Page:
The kinematics and geometric properties of the neutral ISM and CGM in star forming galaxies are crucial regulators of the radiative transfer and escape of both Lyman-alpha and Lyman-continuum radiation. Because the two kinds of radiation are affected differently by the gas, they can in turn provide complementary information about the gas. This realization has in recent years led to a host of publications about the links between observables and astrophysical properties of the neutral gas. Here, I will present a strongly gravitationally lensed star-forming galaxy at z=2.4 which has turned out to be a rather remarkable laboratory for understanding the interplay of star formation feedback, neutral gas kinematics, and Lyman radiation escape. Strong Lyman-continuum emission is leaking from a compact, unresolved region coincident with a strongly star-forming cluster complex, spatially separated from other clump complexes with no such ionizing emission, seen in high enough spatial resolution to obtain non-overlapping optical spectroscopy of these regions. The combination of rarely seen intrinsic properties and the strong magnification and multiple lensed images could potentially help break some long standing degeneracies in our picture of the neutral medium of early Starburst galaxies, with implications for both the EoR and Lyman-alpha cosmology.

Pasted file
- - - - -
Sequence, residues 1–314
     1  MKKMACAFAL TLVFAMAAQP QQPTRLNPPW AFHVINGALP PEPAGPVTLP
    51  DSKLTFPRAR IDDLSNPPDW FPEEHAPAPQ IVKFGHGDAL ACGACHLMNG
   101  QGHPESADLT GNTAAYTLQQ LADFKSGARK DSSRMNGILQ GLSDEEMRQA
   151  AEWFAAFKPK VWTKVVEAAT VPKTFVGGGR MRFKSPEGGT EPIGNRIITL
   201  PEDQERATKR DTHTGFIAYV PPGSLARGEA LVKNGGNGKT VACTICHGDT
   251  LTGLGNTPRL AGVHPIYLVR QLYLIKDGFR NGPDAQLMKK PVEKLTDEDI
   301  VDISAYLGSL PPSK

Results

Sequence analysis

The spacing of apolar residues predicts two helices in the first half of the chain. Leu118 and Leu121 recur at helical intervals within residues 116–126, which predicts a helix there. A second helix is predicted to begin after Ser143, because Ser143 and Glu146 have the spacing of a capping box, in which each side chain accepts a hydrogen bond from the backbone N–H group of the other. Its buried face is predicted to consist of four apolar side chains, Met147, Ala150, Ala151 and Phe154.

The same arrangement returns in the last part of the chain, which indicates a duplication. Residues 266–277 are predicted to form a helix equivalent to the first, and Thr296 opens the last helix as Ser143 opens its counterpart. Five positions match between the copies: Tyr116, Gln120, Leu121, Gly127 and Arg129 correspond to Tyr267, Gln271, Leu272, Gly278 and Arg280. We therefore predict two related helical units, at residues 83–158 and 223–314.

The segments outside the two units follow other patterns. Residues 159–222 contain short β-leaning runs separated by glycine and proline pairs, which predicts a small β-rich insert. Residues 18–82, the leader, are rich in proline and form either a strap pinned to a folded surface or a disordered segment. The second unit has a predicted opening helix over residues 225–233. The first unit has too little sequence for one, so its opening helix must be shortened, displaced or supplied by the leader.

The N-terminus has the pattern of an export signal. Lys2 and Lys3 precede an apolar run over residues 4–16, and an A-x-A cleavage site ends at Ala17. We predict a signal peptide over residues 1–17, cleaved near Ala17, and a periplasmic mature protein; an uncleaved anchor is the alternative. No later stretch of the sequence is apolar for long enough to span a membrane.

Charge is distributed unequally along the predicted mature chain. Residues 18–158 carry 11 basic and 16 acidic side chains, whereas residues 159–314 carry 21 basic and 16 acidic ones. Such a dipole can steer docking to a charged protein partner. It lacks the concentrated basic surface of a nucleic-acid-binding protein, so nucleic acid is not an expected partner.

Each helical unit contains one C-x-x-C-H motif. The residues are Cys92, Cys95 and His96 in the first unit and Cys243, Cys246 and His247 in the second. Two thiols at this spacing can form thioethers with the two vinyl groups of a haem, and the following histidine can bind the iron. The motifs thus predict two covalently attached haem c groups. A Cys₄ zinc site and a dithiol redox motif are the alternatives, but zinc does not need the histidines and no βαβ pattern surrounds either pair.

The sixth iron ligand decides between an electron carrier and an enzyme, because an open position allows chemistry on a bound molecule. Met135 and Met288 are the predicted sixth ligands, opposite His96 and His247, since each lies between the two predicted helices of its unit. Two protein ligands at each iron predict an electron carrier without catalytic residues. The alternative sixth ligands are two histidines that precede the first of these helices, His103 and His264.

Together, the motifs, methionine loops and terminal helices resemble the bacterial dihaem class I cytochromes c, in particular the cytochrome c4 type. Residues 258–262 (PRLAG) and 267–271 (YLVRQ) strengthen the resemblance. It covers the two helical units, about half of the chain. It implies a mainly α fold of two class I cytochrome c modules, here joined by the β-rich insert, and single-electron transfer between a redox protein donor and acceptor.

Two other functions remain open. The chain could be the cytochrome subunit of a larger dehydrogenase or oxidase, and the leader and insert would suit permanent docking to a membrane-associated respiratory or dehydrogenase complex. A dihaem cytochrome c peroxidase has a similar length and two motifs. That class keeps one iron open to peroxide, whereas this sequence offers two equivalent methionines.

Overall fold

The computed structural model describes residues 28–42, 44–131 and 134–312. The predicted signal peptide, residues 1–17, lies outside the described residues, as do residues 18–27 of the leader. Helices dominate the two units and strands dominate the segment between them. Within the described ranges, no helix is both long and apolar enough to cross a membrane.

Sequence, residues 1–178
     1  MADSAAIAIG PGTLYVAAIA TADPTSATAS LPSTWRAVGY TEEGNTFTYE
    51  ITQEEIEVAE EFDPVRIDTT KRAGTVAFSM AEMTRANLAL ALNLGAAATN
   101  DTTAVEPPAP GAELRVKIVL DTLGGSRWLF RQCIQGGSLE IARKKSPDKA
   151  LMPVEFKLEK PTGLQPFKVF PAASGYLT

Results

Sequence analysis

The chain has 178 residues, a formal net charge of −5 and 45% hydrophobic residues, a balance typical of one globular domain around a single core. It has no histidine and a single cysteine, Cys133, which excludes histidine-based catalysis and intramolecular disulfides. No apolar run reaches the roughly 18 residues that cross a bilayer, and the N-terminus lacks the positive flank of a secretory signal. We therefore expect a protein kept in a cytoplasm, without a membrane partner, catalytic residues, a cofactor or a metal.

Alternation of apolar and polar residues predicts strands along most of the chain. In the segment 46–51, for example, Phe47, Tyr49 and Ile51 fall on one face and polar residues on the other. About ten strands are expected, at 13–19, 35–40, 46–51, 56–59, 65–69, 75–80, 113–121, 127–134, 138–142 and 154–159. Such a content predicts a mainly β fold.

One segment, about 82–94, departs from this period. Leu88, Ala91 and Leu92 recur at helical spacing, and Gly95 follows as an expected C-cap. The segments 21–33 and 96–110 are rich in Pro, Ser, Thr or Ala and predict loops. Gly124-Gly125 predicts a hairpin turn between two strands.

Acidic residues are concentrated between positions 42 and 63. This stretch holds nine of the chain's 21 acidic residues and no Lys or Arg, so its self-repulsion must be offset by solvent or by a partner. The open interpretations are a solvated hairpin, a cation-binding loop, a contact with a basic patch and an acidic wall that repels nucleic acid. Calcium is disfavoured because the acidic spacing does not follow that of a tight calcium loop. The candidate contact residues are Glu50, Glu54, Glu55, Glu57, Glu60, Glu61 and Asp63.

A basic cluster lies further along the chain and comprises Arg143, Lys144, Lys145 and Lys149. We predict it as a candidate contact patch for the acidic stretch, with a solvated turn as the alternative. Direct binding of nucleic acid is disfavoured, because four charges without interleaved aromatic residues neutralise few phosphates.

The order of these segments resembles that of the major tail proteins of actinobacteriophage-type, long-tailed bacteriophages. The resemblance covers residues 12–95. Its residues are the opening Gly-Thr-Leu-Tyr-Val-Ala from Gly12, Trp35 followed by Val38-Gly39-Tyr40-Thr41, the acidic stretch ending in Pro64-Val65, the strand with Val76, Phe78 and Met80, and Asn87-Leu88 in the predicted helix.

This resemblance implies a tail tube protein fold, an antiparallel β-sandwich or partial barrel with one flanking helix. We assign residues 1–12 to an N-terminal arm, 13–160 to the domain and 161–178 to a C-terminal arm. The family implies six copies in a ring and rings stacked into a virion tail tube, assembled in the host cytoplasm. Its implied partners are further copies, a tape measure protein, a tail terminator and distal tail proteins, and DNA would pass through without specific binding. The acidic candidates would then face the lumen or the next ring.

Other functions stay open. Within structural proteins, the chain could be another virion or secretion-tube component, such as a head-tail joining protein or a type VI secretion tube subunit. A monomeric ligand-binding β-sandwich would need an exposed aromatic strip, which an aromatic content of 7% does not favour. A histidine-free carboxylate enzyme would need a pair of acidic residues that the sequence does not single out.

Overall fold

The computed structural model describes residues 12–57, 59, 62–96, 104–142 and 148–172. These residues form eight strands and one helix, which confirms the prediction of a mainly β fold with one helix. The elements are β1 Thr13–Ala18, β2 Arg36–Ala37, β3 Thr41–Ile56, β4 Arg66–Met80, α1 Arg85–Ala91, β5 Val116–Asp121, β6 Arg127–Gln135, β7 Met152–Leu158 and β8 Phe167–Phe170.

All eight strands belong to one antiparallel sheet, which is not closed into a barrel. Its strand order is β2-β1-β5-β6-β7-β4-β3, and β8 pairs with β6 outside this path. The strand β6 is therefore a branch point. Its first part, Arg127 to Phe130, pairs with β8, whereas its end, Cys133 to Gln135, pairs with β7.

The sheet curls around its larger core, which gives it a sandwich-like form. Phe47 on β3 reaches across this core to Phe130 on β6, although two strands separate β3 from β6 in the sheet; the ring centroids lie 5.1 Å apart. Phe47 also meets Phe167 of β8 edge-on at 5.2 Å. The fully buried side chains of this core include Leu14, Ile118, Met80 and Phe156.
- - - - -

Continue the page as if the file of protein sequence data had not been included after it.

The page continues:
Host: Matthew Bayliss